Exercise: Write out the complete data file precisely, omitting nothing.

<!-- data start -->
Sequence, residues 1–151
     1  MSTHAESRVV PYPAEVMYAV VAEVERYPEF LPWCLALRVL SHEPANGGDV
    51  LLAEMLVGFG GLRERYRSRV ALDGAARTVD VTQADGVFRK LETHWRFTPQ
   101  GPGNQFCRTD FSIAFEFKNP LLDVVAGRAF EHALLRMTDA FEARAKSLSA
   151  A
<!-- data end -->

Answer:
Sequence, residues 1–151
     1  MSTHAESRVV PYPAEVMYAV VAEVERYPEF LPWCLALRVL SHEPANGGDV
    51  LLAEMLVGFG GLRERYRSRV ALDGAARTVD VTQADGVFRK LETHWRFTPQ
   101  GPGNQFCRTD FSIAFEFKNP LLDVVAGRAF EHALLRMTDA FEARAKSLSA
   151  A